Document Type

Conference Paper


Available under a Creative Commons Attribution Non-Commercial Share Alike 4.0 International Licence

Publication Details

ICED 4th World Conference, Perth, July 3-6, 2002.


This session describes both the reasons for and the process of designing and delivering a Research Methods Module using a Problem-based Learning (PBL) approach in a Postgraduate Diploma in Third Level Learning and Teaching at a higher education institute in Ireland. The students who undertake this part-time Module are cohorts of academic staff (Faculty Members) in Higher Education (HE). They are hitherto referred to as participants. This module is one of eight offered on the PG Diploma, all designed and delivered using Problem-based Learning. The entire PG Diploma is voluntary, and only Faculty who are keen to implement novel pedagogical approaches in their own subject disciplines apply for a place on the modules. The aim of this module is to provide a broad understanding of the research methodologies used in research in HE today, and present at postgraduate level, the theory for applying research methods and skills to all aspects of learning and teaching. This module also aims to prepare participants for planning a research proposal at Masters dissertation level. However, the key to the participants’ success is by using the principles of PBL to share valuable information with their colleagues in a variety of other disciplines. The opportunity is being given to enhance group learning in a real life multi-disciplinary learning environment. This collaborative process is supported with tutor face-to-face and online facilitation sessions.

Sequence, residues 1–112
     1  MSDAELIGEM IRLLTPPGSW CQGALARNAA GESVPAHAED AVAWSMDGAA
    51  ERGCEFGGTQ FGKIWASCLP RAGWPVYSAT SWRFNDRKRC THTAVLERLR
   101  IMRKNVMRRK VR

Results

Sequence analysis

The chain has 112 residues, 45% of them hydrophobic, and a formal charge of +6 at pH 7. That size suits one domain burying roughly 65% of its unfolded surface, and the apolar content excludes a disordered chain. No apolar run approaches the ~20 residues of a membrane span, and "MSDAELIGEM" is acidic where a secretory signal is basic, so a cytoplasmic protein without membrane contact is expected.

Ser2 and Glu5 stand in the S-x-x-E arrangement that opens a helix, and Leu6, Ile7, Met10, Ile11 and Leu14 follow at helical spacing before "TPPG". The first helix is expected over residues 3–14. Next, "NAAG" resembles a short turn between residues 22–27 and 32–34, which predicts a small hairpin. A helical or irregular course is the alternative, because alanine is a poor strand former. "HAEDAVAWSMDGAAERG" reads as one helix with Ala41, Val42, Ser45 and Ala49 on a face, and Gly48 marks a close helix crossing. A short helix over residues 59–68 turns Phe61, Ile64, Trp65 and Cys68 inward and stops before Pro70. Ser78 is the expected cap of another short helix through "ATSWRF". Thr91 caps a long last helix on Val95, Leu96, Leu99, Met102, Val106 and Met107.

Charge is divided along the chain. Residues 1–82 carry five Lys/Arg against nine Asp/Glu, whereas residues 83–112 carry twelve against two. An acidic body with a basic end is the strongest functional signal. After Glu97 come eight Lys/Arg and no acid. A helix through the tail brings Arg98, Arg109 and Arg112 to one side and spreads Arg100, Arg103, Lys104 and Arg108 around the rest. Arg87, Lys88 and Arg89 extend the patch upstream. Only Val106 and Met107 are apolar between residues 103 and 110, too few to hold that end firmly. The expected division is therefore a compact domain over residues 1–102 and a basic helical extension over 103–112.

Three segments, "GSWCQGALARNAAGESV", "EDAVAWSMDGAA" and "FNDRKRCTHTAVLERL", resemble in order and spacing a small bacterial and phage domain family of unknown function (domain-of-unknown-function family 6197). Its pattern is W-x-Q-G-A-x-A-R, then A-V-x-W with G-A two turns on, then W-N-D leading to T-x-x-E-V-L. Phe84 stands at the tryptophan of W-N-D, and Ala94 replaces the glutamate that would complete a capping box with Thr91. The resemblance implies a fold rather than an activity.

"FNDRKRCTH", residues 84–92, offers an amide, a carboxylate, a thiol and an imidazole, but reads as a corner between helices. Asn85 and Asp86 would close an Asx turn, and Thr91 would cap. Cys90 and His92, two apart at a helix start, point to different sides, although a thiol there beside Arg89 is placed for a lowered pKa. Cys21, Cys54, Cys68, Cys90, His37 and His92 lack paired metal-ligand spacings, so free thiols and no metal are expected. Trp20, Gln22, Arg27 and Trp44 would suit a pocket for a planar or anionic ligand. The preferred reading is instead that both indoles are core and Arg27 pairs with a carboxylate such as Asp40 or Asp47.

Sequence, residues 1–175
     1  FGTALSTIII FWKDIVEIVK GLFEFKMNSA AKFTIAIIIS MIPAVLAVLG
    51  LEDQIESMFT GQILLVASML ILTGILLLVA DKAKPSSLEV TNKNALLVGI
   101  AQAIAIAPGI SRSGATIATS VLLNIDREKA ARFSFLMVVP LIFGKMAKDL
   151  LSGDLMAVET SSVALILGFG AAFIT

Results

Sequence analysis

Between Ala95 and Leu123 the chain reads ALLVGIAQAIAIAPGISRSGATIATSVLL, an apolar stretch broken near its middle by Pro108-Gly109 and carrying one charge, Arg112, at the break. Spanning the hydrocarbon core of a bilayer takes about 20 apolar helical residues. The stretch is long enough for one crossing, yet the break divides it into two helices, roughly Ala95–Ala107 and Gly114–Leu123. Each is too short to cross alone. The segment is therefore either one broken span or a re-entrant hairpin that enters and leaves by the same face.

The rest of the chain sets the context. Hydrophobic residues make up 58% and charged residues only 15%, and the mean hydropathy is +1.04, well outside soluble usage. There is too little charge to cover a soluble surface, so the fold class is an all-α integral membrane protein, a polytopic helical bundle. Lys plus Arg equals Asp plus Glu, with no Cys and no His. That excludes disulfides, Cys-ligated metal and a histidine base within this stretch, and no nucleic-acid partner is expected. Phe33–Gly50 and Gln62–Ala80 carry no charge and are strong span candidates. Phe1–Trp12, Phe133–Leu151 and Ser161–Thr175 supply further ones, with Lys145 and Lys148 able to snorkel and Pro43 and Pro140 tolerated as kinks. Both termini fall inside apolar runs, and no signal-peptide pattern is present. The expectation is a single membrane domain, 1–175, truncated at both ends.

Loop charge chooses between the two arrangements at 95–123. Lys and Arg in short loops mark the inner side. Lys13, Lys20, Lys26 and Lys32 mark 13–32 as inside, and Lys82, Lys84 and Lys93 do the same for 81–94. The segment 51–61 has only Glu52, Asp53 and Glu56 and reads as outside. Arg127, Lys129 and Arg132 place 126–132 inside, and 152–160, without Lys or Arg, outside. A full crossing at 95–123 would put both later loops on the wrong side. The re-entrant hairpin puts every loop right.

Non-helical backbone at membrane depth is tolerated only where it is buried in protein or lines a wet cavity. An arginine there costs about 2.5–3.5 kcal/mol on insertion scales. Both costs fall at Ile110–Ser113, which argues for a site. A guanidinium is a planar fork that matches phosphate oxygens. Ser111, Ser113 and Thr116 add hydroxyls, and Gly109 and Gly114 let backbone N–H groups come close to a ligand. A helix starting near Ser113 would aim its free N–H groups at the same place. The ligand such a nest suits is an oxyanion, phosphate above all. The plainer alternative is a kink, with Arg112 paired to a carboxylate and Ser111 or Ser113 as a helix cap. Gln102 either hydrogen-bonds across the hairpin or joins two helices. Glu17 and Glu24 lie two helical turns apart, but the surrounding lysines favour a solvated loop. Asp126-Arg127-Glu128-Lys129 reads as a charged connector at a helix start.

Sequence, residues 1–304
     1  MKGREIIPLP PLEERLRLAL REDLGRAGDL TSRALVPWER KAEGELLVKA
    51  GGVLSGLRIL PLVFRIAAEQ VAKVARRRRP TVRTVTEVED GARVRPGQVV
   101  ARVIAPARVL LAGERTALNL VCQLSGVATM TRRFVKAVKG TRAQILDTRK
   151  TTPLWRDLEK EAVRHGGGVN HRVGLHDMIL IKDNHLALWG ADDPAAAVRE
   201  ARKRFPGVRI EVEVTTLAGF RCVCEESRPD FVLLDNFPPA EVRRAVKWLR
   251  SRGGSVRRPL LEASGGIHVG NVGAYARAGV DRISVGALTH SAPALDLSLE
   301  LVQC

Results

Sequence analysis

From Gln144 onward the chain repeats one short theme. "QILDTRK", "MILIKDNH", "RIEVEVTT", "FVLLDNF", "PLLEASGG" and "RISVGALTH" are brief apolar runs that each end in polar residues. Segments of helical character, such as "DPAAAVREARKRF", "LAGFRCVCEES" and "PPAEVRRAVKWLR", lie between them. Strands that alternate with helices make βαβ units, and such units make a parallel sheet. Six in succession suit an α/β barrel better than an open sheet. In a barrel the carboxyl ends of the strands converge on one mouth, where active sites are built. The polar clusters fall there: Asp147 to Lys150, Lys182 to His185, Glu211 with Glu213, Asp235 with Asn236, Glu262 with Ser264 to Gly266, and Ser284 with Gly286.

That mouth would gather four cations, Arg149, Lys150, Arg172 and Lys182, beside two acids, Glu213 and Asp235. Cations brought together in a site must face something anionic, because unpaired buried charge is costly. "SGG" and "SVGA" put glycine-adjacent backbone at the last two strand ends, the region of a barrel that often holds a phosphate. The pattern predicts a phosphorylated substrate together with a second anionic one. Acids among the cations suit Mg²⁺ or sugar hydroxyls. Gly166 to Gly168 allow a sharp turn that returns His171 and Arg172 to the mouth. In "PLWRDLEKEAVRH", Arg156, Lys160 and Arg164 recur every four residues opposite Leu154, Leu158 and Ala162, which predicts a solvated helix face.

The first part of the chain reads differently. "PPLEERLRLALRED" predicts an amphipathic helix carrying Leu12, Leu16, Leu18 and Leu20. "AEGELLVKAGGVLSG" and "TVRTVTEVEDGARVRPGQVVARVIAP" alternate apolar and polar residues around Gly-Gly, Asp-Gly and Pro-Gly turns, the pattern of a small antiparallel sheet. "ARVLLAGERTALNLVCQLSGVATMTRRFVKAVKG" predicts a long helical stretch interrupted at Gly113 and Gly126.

The question can be asked why use a PBL approach for this, rather than continue allowing participants to research in a traditional learning environment? Quite simply, the main idea is to provide them with a taste of what is possible in a group environment for research. Therefore, the role of PBL is for the motivational benefits it provides. The participants are involved in active learning throughout, working with real-life research problems in their professional practice and what they have to learn in their independent and collaborative study is seen as relevant and important to enhance this. Arguably, these factors are important for educational development to act to improve teaching and learning in higher education today.